Clinical staff member prepares a vaccine

Licensed practical nurse Alex Cellucci prepares a vaccine in the Travel Clinic, a specialized clinic at the Brigham that helps patients protect themselves from infectious diseases before traveling abroad.

A middle-aged woman about to embark on a daunting business trip to France, a recent college graduate preparing to trek the Great Wall of China with his friends, a young man flying home to visit his family in India — these are just a few examples of the kind of situations that nurse practitioner Catherine Franklin, NP, DNP, encounters every week at the Brigham’s Travel Clinic.

Located in its new location in Lung Center C at 15 Francis St. and operated by the Division of Infectious Diseases for more than a decade, the Travel Clinic provides vaccinations, prescriptions and practical travel advice to adult patients as they prepare for their next adventure.

“It’s really exciting to be with people who are planning the trip of a lifetime or reuniting with family,” said Franklin, who began working at the Travel Clinic in 2019. “A lot of what we do in Infectious Diseases is care for people who are sick, and this is typically a joyful visit.”

Prior to the onset of the pandemic, the clinic was open three to four days a week but temporarily closed during the COVID-19 pandemic due to safety concerns and the rigid travel restrictions. As people now become more comfortable traveling again, Franklin said there has been a recent rise in the number of patients reaching out for appointments — some celebrating the lift of COVID-related travel bans with spontaneous vacations, visiting family they have been separated from since the onset of the pandemic,  and others  preparing for now approved international business trips.

“It is interesting that, since we have reopened, many people are planning African safari vacations,” said Franklin.

The Travel Clinic is now staffed weekly by Franklin, who also serves as the nurse practitioner team manager for Infectious Diseases, and Alex Cellucci, LPN, a float licensed practical nurse who supports several specialty clinics.

Cellucci administers each of the recommended vaccines, monitors patients for potential reactions, updates their documentation and answers any additional questions they may have.

“I enjoy helping our patients feel equipped, educated and supported so that they can feel confident and safe traveling,” she said. “We’re also protecting our community here by ensuring travelers are not bringing back a disease we wouldn’t otherwise see in this area.”

Protecting Travelers from Hidden Health Risks

The Travel Clinic strives to help patients embarking on their journeys to prepare for any potential health risks, including insect-borne diseases, food- and beverage-borne diseases, sexually transmitted diseases, sun poisoning, traveler’s thrombosis and now COVID-19.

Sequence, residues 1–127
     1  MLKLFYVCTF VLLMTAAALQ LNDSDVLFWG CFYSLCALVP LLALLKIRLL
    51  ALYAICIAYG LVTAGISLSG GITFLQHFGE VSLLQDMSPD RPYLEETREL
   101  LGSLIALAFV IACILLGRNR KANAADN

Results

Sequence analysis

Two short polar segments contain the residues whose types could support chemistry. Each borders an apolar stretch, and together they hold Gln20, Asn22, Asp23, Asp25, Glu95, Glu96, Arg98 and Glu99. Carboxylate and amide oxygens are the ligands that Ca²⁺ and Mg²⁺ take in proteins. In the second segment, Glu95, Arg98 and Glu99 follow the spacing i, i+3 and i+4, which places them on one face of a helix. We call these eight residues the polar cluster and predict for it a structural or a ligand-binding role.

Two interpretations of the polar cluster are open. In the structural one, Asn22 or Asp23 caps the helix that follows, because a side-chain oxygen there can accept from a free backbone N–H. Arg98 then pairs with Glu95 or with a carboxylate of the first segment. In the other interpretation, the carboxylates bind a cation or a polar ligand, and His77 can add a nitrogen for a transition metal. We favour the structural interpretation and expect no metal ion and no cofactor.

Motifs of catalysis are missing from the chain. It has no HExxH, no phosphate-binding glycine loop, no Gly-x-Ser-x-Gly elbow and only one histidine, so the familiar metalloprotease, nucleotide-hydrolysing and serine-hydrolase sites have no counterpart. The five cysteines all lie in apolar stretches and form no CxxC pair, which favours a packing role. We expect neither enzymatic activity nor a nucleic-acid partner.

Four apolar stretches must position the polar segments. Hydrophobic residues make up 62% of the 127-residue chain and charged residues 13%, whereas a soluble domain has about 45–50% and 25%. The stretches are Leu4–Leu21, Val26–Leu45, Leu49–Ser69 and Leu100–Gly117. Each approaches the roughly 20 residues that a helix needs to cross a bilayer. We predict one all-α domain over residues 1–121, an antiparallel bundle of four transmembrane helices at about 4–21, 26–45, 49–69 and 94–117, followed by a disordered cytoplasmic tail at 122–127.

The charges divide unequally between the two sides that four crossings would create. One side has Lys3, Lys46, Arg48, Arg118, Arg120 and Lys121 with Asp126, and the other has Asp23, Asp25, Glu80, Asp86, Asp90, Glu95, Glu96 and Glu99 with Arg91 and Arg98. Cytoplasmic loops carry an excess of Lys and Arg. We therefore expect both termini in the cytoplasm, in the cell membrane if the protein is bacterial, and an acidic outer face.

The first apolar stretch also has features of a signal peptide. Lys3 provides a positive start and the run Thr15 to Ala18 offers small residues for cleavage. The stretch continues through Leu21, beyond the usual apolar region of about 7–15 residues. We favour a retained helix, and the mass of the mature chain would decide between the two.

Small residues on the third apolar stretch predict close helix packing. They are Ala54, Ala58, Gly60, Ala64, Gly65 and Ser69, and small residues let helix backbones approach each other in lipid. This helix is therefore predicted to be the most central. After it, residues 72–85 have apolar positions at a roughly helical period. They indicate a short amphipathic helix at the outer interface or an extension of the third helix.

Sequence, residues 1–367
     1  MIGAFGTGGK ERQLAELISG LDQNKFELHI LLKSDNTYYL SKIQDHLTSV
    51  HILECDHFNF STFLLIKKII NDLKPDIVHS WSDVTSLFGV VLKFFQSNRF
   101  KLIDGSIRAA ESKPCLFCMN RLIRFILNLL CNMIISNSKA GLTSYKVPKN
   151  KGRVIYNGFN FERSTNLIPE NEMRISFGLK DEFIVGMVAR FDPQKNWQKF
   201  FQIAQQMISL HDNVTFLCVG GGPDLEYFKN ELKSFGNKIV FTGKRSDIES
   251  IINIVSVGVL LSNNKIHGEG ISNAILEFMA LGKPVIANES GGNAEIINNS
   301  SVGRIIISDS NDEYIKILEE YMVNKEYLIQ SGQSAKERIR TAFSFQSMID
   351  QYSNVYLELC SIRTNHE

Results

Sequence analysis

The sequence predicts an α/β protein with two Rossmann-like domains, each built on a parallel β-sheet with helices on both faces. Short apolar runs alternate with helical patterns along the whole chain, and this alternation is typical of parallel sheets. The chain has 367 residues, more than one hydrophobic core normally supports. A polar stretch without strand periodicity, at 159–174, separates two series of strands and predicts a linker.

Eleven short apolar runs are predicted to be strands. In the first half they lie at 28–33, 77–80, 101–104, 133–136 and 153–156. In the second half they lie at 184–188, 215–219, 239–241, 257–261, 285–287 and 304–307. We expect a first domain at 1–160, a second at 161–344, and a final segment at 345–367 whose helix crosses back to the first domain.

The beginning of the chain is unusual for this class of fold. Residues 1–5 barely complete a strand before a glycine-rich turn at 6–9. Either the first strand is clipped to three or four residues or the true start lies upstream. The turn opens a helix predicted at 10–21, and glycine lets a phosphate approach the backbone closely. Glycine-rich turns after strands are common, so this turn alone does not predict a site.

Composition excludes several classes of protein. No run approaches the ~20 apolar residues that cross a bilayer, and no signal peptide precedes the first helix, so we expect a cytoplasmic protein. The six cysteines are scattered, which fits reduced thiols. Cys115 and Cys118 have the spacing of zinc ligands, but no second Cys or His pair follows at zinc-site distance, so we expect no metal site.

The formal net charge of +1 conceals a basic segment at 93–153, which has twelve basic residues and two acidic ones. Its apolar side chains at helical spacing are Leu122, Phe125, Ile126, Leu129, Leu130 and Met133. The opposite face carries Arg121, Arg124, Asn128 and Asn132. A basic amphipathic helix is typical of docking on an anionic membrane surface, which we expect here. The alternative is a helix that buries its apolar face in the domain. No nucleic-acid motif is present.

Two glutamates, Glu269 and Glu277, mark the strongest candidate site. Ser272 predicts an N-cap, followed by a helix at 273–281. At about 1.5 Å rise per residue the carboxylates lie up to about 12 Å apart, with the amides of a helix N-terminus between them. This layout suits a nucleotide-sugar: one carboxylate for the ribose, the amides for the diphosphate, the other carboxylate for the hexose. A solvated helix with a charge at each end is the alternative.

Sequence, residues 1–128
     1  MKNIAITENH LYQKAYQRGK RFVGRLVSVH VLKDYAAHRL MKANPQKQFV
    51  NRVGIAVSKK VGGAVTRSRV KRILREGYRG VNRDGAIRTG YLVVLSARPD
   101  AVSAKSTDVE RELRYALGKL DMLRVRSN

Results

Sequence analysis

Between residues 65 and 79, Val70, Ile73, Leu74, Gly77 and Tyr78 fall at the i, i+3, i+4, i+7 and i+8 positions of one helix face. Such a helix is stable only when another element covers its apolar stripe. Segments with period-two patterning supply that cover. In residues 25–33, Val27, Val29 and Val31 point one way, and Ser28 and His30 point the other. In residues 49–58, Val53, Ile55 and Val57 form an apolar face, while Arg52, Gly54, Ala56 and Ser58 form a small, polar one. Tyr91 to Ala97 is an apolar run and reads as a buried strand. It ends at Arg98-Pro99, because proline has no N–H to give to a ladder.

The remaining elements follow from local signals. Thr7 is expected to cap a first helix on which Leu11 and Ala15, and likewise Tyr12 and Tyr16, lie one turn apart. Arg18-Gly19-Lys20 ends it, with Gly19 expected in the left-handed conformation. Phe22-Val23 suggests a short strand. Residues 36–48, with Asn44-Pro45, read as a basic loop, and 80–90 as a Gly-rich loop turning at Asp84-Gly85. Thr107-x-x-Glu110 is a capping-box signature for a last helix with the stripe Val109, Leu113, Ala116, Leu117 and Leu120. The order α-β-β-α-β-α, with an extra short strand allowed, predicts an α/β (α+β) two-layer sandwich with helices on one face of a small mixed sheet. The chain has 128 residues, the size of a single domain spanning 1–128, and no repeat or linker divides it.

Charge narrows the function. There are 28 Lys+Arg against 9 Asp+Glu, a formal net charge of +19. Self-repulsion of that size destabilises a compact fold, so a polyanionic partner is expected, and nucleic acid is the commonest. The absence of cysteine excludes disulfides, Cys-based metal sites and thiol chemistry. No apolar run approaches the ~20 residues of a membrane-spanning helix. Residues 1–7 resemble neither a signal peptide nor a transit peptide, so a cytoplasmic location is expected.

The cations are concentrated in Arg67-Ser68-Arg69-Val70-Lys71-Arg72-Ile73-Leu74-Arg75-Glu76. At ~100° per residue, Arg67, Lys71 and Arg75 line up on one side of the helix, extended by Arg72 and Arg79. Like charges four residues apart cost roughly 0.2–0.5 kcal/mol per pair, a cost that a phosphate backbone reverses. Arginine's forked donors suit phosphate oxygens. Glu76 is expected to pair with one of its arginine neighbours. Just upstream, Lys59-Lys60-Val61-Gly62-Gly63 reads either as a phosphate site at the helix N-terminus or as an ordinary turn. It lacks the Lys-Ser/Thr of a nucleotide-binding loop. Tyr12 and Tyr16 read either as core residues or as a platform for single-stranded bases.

Nurse in front of computer

Travel Clinic nurse practitioner Catherine Franklin points out information about malaria risk in Kenya.

Fortunately, the Travel Clinic offers patients protective measures against all of these and more, including immunizations for typhoid fever, hepatitis A, yellow fever, Japanese encephalitis and rabies.

“Whether you’re planning a cruise down the Amazon, an African safari, a trek in the Himalayas or something more prosaic, the Travel Clinic stands ready to assess your health needs and provide recommendations regarding any necessary vaccinations, medications and other common-sense measures to protect you during your trip,” said Daniel Kuritzkes, MD, chief of the Division of Infectious Diseases.

To ensure the highest form of protection, Franklin said that patients are encouraged to schedule appointments at the Travel Clinic at least two to four weeks in advance of their departure and to come prepared with their vaccine records, an itinerary of their trips and a list of any questions they may have.

Although the Travel Clinic is currently only operating on Monday afternoons, the team anticipates it will expand access to offer appointments multiple days a week, depending on the progression of the pandemic. The clinic also offers counselling services on the latest situation with COVID-19 to educate people on the prevalence of the virus at their destination and the necessary precautions they can take.

‘You Learn About the World’

While many patients come to the Travel Clinic seeking a vaccination, others are solely interested in receiving sound advice, whether it be on airport security, the risk of high altitude or concerns about travelling while pregnant.

“The Travel Clinic has always been important, but I think now, as more people are traveling again as some COVID restrictions have been lifted, we offer a really essential service in being able to talk through all the risks of traveling and to make sure that people are as protected as they can be from preventable illnesses,” said Mary Montgomery, MD, of the Division of Infectious Diseases.

As she delivers this guidance and care, Montgomery said she enjoys the rewarding glimpses into people’s lives, learning about the incredible places they’ve been and the stories they have accumulated along the way.

“It makes me extremely jealous,” Montgomery said with a chuckle. “I’m here in Boston in the winter while patients are preparing to go to Cambodia and Vietnam and Singapore, but I love learning about the travelers and their lives and their interests. Working for the Travel Clinic, you learn about the world.”

“Behind the Scenes at the Brigham” is an ongoing series that provides a glimpse of the people whose everyday contributions help make the Brigham a world-class institution. Is there a team you’d like to see featured? Send your ideas to